An atmospheric scientist in Boulder says that half the world’s precipitation falls in just 12 days.
That measurement is part of a new study meant to quantify uneven precipitation and extreme weather events.
Simulations in climate models show a scenario that could be considered conflicting by some. On one side, drier climate with more extreme drought, and on the other side, more extreme storms with heavier precipitation.
This study is a new way to help clarify that conflict.
“Part of my aim with this study was to have something that everybody could kind of get their heads around,” said lead author Angie Pendergrass with the National Center for Atmospheric Research (NCAR).
Pendergrass has an expertise in global precipitation. She said she added all the days of precipitation in a year from 185 reliable weather stations over the course of 16 years (1999-2014) then sorted them from the heaviest days of precipitation to the lightest days, including the days with no precipitation. She then took the median across those different years and different locations.
“What you get out of that is, in the median, half of the precipitation falls in just the heaviest 12 days each year,” Pendergrass said.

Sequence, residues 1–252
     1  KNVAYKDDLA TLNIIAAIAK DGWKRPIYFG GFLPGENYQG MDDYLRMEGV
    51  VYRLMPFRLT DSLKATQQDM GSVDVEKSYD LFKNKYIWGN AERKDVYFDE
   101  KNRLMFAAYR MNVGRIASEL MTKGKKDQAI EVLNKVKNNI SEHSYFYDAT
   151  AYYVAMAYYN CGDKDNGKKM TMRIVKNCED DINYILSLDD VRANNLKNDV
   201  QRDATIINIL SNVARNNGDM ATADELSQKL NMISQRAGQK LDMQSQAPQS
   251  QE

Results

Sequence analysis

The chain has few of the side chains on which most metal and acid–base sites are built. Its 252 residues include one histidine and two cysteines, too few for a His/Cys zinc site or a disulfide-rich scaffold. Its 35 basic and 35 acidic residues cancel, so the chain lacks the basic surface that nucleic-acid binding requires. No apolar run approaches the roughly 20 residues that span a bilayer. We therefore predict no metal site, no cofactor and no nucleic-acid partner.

Scientists have known for years that global precipitation is uneven, but even Pendergrass was surprised to find just how uneven it really is.
“And one of the reasons to be concerned about the unevenness of precipitation is that it’s kind of a driver for a lot of the impacts of precipitation events, so both on the flooding end and on the drought end,” Pendergrass said.
Pendergrass then ran climate model simulations and found that this uneven precipitation could get more unbalanced in a future climate.
“We found that precipitation will increase slightly on average and that increase will be even more uneven in the future,” Pendergrass said. “Meaning that most of that increased precipitation will fall on what are already the wettest days, and the days which are lighter with get even lighter.”
Her research found that by the year 2100, half the world’s precipitation will fall in just 11 days. Taking account for an anticipated increase in overall precipitation, that means more extreme single storm precipitation events, and more days with lighter or no precipitation.
“The magnitude of that increase is more than most of us expected,” Pendergrass said. “That’s one of the things that really concerns us a lot about climate change.”
She was able to run simulations in 36 of the world's most advanced computer models, and all but one showed this level of unevenness. And she said the one that didn’t was very close, giving her high confidence in her findings.